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10 Comments on "Isle of Wight only met 54 per cent of housebuilding target over past three years"

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alisonjane
The IOW Council needs to use some of its own land supply and build its own houses. Rather than selling off to housing associations, they could have affordable housing to rent and to buy. There are prime sites the council owns, the old Broadlea School site in Lake, Sandham Middle School site in Sandown to name just two, rather than digging up prime agricultural land as they… Read more »
YJC

The housing target is unrealistic

VentnorLad
I quite agree. The current housing target is wholly unrealistic. It lacks ambition. We need to be building far more homes on the Island. If we want our children and grandchildren to have any hope of being able to afford to live here, we need to significantly deflate the housing market. The only way to do that is to drastically increase supply. If we can increase the… Read more »
wellsm

Well said, far more homes need to be built across the country and the amount ex-farmers etc can make out of the land should be limited so that ordinary working people can afford the houses.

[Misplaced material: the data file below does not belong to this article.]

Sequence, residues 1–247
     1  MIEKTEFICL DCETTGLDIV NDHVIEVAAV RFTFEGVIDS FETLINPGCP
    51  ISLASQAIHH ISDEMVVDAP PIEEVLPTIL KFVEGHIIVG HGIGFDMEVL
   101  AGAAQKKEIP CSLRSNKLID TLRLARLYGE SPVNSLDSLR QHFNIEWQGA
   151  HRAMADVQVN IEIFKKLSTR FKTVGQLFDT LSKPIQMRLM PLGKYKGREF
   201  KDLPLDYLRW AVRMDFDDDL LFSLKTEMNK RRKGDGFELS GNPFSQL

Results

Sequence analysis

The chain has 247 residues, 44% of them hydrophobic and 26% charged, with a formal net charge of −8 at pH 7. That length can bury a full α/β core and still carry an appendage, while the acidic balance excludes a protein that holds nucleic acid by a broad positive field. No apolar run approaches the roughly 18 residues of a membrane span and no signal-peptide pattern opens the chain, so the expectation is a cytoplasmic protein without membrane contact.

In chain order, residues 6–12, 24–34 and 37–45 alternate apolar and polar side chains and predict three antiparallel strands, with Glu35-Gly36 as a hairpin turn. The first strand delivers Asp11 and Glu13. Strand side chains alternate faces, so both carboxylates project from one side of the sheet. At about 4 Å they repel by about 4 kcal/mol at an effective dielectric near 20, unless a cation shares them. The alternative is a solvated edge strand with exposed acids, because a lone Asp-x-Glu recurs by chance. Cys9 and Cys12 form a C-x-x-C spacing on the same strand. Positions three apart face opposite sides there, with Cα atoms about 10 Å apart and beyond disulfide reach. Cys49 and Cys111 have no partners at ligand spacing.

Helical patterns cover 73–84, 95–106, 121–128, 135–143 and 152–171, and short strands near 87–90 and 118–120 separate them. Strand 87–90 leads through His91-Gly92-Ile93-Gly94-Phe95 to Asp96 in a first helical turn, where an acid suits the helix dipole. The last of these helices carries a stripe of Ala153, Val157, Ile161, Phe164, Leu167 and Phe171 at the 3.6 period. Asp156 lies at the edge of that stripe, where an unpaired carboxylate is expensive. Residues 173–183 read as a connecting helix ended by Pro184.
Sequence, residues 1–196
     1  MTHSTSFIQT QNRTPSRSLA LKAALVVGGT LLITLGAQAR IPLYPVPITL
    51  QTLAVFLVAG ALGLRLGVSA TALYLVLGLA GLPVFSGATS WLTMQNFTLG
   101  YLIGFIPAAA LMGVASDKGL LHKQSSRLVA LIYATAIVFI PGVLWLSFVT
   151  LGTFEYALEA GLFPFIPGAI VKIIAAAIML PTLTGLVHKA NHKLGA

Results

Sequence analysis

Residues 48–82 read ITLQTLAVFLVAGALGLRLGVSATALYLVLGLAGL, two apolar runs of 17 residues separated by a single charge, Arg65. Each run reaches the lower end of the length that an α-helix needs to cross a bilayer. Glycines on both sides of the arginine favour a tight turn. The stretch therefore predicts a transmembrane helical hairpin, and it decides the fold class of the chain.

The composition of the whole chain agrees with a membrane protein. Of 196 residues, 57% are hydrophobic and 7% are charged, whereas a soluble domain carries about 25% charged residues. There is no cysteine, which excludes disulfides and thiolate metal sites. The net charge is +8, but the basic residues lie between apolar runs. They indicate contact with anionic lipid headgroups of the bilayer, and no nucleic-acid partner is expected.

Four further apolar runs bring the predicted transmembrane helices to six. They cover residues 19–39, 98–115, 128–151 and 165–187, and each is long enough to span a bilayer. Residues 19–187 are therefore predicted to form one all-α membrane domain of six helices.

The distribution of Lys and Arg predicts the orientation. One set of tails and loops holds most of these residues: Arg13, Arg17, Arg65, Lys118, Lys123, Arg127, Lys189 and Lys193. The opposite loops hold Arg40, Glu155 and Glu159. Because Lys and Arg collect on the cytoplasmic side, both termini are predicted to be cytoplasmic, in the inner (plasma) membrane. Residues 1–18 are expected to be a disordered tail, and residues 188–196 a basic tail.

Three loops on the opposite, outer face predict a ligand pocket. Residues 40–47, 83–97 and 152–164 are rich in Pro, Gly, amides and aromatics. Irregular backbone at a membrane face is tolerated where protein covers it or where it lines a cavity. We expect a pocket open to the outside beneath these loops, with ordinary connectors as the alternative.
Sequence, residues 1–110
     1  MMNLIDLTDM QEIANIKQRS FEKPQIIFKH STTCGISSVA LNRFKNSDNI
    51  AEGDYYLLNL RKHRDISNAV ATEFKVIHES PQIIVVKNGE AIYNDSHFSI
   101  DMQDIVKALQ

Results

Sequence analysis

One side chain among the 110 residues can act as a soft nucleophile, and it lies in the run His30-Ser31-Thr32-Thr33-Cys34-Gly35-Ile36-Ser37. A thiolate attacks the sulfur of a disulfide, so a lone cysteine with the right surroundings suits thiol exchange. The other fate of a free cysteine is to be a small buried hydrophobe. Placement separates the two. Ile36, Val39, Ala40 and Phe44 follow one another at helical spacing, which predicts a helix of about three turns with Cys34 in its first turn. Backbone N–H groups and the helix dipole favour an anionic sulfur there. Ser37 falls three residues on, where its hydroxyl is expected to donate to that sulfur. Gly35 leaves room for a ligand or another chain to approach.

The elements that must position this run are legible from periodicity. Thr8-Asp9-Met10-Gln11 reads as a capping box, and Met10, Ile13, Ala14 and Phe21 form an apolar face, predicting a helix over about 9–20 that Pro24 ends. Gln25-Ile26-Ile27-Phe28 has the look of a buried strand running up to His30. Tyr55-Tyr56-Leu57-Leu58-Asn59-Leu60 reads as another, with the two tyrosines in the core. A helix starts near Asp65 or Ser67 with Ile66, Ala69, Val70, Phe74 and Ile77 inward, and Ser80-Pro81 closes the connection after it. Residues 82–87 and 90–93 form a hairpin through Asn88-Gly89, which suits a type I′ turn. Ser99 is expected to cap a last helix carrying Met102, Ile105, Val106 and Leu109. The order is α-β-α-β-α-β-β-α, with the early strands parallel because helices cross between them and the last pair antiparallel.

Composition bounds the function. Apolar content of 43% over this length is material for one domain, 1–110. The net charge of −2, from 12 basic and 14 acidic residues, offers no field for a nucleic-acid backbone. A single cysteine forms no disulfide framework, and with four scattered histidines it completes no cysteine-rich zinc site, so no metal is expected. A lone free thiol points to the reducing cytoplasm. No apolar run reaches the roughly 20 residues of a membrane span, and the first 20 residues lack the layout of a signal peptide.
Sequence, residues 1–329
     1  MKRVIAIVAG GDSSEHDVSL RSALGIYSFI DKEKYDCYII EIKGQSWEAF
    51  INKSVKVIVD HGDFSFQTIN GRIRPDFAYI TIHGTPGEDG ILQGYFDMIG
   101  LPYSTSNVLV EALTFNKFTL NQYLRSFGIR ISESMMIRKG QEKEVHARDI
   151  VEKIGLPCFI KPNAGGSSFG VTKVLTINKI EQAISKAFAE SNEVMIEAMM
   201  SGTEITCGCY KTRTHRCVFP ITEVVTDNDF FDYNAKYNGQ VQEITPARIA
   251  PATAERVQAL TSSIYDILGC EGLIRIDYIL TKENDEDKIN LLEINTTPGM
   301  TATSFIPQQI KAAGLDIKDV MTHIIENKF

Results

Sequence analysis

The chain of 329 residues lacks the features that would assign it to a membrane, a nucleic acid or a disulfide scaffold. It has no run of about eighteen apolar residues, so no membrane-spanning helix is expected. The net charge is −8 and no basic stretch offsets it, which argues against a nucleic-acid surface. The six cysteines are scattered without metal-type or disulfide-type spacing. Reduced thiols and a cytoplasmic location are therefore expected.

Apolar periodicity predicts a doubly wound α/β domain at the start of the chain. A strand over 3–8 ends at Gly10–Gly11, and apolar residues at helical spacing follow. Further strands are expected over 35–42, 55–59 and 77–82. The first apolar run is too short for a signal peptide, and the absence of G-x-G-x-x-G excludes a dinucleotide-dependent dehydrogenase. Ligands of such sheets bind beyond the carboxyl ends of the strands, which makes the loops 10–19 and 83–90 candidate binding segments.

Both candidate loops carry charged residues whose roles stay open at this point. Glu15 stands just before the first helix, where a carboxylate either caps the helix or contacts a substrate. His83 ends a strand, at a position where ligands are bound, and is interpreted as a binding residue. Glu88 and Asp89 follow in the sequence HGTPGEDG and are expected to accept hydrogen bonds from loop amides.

Benny C
Probably true but what’s your point? IOWC are stuck with their own governments targets. Dave Stewart and co have been pushed over so easily by central govt. land allocations and preapatstions have been dire, leading to permission delays and inappropriate applications. He Plannin* Committee have been woeful at getting to the heart of applications and seeing through decent schemes which work, which transfer more benefits to occupiers… Read more »
Benny C
Apologies for the inexcusable errors. Let’s start over . ..Probably true, but what’s your point? IOWC Aare stuck with their own party’s targets. Dave Stewart and Co. Have been pushed over so easily by central govt. Land allocations and preparatory actions have been dire ( and clearly ineffective), leading to permission delays and inappropriate applications. The Planning Committee, where decision making and accountability also rests, have been… Read more »
Colin
Government targets and government figures, two phrases that you just know are going to be just plain wrong. Here is an example of how it is so easy to get it wrong. I lived in a tiny village a few years ago, (not on the Island).It was indentified with a housing need of 27. All the villagers wanted to know how the figure of 27 was arrived… Read more »
Mark L Francis

We need more brownfield site developments for social housing, not digging up greenfields for profit. It is not like there is a shortage of derelict sites.

Benny C

Browns golf course in Sandown! It’s nearly derelict and uneconomic for leisure use. Perfect.

greenfiremouse
Benny C, when Browns closed because of the first lockdown last year, it was neither derelict nor uneconomic. In the meantime, the Council refused to offer the last occupants a lease that was long enough to be viable, because opaque plans for an extension for Dinosaur Isle suddenly emerged. The ground itself does not seem suitable for housing, being partially boggy and also at risk of flooding.… Read more »